peter wrote:Time for a reality check ?
Saab has always had an extraordinarily enthusiastic and devoted worldwide customer base. They, like many others, believe that the production of competitive premium cars is the way forward. Koenigsegg were seen as the future salvation of Saab in Sweden.
Industry insiders see this differently :
• Current production rates are around 35,000 (retail sales are less) per year. It is generally held that annual figures closer to 500,000 are needed to generate enough income to replace platforms over their life time.
• Saab has been emasculated during the 20 years of GM rule. Design, engineering, parts warehousing, finance, wholesale distribution, retail distribution and purchasing are now heavily entwined within the GM business. This was a sensible cost saving strategy at the time, but is now a threat to the survival of the Saab business. And remember that all Saab engines will be sourced through GM / Opel companies.
• Saab now have (or will have) two models to serve them for the next 7, or so, years. They won’t be gifts – almost certainly they will be the subject of royalties to GM.
• The Koenigsegg sports car operation provides only a small minority of the investment. It is mostly financed by other financial players, bank borrowings and government loans. From this point of view it is a venture capital operation, and the players probably intend recovering their investment sooner rather than later. The most likely scenario is that they develop the business and sell it by 2015. It would make a fine addition to one of the Chinese car manufacturing operations wishing to penetrate the premium market ?
• Koenigsegg have been very vague on future plans. “Exciting future brand development“ means what ? It may be that they intend to sell the Saab name and production lines whilst keeping (or selling ?) the Trollhattan factory. There have been rumours of using it to assemble electric cars.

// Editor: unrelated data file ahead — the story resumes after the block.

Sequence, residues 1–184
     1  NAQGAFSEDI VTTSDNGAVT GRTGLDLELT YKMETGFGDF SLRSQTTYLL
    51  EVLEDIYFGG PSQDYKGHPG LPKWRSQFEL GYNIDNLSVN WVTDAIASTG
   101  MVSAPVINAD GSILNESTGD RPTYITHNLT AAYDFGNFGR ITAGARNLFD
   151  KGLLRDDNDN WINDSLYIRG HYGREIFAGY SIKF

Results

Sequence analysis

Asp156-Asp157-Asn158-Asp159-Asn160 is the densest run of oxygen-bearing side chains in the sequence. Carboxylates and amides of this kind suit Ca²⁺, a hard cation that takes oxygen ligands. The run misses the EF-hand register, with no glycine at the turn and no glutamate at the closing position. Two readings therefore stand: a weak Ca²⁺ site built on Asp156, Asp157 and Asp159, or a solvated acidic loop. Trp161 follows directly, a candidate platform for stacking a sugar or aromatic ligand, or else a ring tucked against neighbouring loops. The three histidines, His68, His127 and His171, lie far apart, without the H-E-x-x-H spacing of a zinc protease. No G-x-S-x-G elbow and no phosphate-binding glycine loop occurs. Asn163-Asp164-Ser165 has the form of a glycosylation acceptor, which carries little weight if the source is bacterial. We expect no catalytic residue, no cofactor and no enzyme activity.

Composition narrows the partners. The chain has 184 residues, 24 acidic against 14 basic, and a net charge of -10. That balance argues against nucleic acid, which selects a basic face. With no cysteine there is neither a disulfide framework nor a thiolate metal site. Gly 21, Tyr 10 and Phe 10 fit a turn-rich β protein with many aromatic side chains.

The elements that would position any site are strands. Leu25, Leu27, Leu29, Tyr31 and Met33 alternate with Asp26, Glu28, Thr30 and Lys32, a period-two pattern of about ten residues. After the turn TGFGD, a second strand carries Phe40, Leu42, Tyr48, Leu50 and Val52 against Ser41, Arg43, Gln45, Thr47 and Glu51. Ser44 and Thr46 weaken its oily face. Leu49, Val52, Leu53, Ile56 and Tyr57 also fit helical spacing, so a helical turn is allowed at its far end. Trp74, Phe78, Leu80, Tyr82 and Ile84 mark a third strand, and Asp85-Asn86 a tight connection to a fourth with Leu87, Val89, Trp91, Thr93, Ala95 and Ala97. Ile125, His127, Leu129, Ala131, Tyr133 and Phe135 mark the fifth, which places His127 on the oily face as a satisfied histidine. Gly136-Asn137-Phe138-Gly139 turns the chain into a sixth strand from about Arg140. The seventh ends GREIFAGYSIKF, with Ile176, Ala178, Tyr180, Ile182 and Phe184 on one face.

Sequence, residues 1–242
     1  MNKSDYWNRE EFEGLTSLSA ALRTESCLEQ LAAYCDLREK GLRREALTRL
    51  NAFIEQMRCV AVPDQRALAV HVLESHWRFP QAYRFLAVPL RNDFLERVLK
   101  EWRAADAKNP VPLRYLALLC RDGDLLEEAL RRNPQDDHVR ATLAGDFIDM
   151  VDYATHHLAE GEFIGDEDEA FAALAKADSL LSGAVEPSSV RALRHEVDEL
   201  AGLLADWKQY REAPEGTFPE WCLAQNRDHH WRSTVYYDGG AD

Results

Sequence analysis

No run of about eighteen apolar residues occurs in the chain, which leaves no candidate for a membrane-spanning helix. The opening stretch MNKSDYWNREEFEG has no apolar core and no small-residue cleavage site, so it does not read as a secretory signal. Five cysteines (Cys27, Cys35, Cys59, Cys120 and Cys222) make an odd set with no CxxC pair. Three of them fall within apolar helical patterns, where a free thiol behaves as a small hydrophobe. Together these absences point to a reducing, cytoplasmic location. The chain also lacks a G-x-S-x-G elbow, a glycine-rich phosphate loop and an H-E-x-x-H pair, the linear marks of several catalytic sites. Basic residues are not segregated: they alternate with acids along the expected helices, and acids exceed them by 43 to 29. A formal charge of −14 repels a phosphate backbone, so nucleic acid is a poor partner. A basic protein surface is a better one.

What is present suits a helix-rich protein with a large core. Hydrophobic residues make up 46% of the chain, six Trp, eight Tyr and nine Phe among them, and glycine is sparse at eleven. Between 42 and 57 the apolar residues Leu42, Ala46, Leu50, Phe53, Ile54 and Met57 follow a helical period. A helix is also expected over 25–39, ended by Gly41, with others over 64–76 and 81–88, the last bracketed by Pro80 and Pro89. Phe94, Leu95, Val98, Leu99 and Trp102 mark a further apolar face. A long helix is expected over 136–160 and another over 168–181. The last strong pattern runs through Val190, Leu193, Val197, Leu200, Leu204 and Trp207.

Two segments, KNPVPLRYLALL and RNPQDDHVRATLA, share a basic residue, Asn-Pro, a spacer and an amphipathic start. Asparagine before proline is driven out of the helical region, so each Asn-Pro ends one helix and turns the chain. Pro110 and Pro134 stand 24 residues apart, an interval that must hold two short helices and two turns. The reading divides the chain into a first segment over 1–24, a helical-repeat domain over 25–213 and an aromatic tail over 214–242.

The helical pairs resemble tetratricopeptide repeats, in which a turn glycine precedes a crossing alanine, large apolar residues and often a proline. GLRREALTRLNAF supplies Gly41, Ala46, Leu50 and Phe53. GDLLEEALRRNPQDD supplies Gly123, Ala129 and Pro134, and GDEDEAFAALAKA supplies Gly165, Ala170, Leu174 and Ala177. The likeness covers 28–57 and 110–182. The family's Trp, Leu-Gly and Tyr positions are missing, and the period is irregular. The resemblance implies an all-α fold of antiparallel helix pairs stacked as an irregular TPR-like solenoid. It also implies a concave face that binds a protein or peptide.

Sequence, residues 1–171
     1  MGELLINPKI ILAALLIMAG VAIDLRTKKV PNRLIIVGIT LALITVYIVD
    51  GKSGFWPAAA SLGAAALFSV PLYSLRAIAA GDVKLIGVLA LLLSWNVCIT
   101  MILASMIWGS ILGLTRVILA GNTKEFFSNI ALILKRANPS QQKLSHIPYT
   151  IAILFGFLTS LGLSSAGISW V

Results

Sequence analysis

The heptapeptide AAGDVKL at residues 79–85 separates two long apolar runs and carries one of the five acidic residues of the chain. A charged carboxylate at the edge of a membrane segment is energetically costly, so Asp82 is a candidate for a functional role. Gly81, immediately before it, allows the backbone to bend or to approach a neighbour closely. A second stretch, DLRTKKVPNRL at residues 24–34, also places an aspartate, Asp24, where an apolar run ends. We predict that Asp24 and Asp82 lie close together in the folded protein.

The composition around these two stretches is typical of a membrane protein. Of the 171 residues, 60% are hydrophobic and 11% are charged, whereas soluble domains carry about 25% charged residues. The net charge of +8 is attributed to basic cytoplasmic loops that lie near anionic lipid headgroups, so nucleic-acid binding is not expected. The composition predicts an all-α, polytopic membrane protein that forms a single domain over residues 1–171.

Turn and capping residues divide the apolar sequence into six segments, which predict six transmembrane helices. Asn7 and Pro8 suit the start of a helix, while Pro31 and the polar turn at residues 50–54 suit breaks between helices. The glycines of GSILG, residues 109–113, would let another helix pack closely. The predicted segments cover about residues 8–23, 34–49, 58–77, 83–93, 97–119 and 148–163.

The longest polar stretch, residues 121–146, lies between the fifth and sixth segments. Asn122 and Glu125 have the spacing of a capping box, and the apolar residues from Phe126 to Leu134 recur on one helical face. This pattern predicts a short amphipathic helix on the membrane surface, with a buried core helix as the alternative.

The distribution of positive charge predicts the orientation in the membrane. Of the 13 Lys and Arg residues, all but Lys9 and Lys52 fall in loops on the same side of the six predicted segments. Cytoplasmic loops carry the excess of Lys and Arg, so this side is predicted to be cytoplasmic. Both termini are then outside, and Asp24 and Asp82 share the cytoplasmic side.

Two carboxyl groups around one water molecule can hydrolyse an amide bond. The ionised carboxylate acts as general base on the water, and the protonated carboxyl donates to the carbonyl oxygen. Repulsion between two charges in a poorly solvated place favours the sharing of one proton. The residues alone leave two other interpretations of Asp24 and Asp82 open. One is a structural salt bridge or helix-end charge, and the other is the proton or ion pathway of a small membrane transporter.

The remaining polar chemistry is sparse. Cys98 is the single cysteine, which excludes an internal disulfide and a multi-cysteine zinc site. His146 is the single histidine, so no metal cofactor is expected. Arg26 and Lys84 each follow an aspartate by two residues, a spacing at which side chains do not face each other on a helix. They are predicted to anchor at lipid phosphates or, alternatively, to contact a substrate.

• In fact, Koenigsegg bring very little to the party, and arguably their presence is a threat to the future of Saab. They are unable to provide parts, retail or wholesale car distribution chains, and there is no obvious route forward with joint platform development. Saab really needed an existing manufacturer who could provide the parts of the business lost in the GM years.
• GM are happy to get rid of Saab. Saab employees see Koenigsegg as the best option if they will be able to control the company in the future.
• There have been a few articles in the financial press questioning the future of Saab with Koenigsegg. There were criticisms of the transparency of the Koenigsegg group. Then Mark Bishop pulled out (a major financial player concerned about publicity ?). Now, it seems that Koenigsegg may not have enough funds to invest either : www.wsws.org/articles/2009/aug2009/saab-a27.shtml
& http://online.wsj.com/article/BT-CO-20090826-707159.html ,
www.ft.com/cms/s/a9abb1b6-9045-11de-bc5 ... abdc0.html .
• Swedish Prime Minister Frederick Reinfeldt has stated, “There are those trying to change the way companies should be run in Sweden. Firstly, the buyer stumps up insufficient funds. Then the venture capital and credit markets ... decline to join in. And then the state is left there as the largest venture capitalist of them all, who with welfare money should go in and assume the risk that no one else wants to take.”
As GM are now reconsidering the Opel position, could Saab be the premium product offering ? Opel and Saab are already entwined, but Opel are believed to be against future tie ups with Saab.
It is hard to see where Saab will be in 2019 ?
peter wrote:US motor cycles ................
Harley Davidson relaunched themselves as a traditional US lifestyle product in the cowboy mould. An attempted move into small 2 stroke machines following the acquisition of Aermacchi of Italy was abandoned in the 1970's.
shel wrote:Kinda-sorta. The Harley Hummer 2-stroke was virtually a clone of the BSA Bantam. I can't remember where they were built, but I don't think Aermacchi was involved.
peter wrote:I had ......... BSA Bantam D7, Triumph Tiger Cub, Ducati 250 OHC, Norton 350, Triumph TR6R, Suzuki 250 (15 yrs later), then learned how to lose more money faster on old cars and boats.
Users browsing this forum: No registered users and 0 guests